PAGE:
TikTok owner ByteDance has accused Facebook Inc. of “plagiarism and smear” as the Chinese owner of the video-sharing app is under pressure to sell its US. business.
“ByteDance has always been committed to becoming a global company,” the company said. “In this process, we are faced with all kinds of complicated and unimaginable difficulties, including the tense international political environment, the collision and conflict of different cultures, and the plagiarism and smear of competitor Facebook (FB).”
ByteDance made the comments as Microsoft Corp (MSFT) said on Sunday that it is prepared to continue negotiations to buy TikTok’s US operations after talking to President Trump. Before the talks Trump had told reporters on Air Force One that he preferred to ban the app over security concerns and wouldn’t support a sale.
“We still adhere to the vision of globalization, and continue to increase investment in markets around the world, including China, to create value for global users,” ByteDance said. “We strictly abide by local laws and will actively use the rights granted to us by the law to safeguard the legal rights of the company.”
Last week, TikTok CEO Kevin Mayer attacked Facebook for developing “copycat” products and lamented that the company has received even more scrutiny than others in the industry due to its Chinese origins.
“Facebook is even launching another copycat product, Reels (tied to Instagram), after their other copycat Lasso failed quickly,” Mayer said in a post on TikTok’s website. “But let’s focus our energies on fair and open competition in service of our consumers, rather than maligning attacks by our competitor – namely Facebook – disguised as patriotism and designed to put an end to our very presence in the US.”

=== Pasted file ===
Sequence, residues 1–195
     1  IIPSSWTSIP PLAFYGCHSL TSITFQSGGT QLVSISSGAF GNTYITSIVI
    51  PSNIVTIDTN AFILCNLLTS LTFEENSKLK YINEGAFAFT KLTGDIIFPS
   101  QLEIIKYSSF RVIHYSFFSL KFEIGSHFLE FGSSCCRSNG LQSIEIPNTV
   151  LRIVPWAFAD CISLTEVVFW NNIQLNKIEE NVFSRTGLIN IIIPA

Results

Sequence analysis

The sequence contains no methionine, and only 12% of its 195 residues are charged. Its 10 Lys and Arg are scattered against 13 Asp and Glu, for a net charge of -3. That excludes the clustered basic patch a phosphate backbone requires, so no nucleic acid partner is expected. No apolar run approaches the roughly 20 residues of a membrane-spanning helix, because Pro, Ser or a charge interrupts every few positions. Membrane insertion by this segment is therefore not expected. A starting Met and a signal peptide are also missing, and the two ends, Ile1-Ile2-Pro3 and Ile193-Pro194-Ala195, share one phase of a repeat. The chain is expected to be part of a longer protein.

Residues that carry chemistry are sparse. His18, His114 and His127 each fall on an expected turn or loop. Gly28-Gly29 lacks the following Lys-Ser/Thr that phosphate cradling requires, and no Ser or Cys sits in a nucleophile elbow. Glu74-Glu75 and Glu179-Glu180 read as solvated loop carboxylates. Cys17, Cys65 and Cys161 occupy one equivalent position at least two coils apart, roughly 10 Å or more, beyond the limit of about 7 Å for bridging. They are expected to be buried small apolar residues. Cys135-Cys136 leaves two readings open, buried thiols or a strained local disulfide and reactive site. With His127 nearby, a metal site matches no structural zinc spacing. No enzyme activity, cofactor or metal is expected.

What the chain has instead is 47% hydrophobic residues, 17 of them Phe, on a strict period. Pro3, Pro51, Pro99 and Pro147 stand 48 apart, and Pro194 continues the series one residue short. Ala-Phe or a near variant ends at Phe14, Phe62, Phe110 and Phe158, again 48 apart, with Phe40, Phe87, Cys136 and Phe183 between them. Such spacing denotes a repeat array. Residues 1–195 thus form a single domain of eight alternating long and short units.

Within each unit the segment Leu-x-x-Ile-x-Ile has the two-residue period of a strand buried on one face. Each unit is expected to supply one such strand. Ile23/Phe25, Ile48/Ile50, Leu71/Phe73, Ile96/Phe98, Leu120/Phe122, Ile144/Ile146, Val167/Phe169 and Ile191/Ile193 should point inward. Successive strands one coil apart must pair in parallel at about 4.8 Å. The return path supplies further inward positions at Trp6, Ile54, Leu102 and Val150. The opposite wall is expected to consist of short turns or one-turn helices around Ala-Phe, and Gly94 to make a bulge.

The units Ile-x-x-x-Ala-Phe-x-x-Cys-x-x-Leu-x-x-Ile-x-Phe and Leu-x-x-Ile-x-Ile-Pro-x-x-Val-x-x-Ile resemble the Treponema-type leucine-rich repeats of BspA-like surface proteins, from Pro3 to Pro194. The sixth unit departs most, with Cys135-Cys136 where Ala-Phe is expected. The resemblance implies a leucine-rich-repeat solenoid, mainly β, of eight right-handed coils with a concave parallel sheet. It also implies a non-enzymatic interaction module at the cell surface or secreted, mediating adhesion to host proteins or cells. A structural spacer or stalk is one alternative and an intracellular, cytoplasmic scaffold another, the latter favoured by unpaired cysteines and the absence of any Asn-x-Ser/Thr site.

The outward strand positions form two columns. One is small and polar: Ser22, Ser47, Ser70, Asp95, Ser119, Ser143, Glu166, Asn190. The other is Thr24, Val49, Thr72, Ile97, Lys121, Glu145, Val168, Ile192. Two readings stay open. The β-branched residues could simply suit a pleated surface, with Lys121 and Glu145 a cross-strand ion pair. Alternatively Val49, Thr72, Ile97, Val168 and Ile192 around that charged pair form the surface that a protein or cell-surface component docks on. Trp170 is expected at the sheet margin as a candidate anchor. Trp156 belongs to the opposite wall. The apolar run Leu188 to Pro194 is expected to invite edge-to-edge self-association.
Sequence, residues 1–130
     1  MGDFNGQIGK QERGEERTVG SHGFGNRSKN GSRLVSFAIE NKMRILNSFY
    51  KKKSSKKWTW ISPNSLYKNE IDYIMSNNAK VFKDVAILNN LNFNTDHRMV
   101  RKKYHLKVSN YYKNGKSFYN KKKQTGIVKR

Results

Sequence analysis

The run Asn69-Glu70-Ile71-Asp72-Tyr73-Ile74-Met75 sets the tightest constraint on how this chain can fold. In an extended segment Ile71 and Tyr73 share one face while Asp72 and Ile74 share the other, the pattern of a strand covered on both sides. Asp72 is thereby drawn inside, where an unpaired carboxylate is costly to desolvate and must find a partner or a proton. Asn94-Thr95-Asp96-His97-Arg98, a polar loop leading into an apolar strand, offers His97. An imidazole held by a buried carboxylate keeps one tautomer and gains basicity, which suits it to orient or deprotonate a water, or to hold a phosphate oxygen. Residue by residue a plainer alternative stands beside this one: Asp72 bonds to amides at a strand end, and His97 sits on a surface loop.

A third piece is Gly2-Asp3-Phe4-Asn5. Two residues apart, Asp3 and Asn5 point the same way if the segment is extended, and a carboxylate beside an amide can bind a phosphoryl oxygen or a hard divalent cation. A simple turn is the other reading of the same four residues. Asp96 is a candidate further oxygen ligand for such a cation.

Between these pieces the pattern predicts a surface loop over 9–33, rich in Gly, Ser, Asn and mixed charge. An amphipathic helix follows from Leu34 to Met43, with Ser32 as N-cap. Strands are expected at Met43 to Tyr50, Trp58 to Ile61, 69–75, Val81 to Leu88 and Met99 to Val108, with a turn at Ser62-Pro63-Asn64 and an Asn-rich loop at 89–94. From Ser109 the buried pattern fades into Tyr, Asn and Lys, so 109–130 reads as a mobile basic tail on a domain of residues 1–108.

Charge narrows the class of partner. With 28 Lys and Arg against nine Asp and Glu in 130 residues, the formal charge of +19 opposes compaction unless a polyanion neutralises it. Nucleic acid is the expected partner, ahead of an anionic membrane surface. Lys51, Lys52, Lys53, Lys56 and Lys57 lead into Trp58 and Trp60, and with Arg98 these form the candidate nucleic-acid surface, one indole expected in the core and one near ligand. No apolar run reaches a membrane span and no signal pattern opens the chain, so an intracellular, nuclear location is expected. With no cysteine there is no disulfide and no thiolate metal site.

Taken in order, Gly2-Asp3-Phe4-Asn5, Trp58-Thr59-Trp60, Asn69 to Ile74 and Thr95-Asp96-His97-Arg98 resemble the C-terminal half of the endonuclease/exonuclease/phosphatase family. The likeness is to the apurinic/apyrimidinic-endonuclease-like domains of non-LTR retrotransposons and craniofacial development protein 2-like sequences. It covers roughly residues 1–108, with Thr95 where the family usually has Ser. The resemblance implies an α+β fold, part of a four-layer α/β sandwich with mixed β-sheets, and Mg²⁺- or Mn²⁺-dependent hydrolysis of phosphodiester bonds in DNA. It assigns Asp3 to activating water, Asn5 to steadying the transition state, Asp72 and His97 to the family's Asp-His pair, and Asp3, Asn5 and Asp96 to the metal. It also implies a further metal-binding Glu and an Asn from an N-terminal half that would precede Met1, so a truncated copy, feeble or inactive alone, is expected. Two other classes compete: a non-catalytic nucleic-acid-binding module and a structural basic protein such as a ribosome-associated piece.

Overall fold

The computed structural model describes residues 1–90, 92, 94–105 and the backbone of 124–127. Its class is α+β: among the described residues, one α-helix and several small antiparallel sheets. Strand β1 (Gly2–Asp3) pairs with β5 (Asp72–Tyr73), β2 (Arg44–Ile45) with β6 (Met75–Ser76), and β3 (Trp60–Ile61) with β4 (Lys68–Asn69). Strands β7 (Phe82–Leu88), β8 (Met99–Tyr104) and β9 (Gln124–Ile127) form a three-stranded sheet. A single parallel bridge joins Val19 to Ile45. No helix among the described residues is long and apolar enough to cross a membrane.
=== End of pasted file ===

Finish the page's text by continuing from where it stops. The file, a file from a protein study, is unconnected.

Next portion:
Meanwhile, Facebook CEO Mark Zuckerberg last week participated in a US congressional hearing to discuss allegations related to the dominance and market power of the social online platform and whether the company is abusing its power or stifling their competitors.
According to a Bloomberg report, Zuckerberg planned to portray his company as an American success story in a competitive and unpredictable market, now threatened by the rise of Chinese social media apps around the world and increasingly, at home, with the popularity of TikTok.
Shares in Facebook have surged 23% this year as the social media network has been benefiting from a user boom during the coronavirus pandemic, which accelerated the need for remote social engagement as well as for online business and working tools.
Indeed, Goldman Sachs analyst Heather Bellini last week, raised the stock’s price target to $303 from $265 and maintained a Buy rating, saying that she sees Facebook benefiting “from what is likely to be an even faster shift to digital in the years ahead”.
TipRanks data shows that overall Wall Street analysts have a bullish call on Facebook. The Strong Buy consensus boasts 30 Buy ratings versus 4 Hold ratings.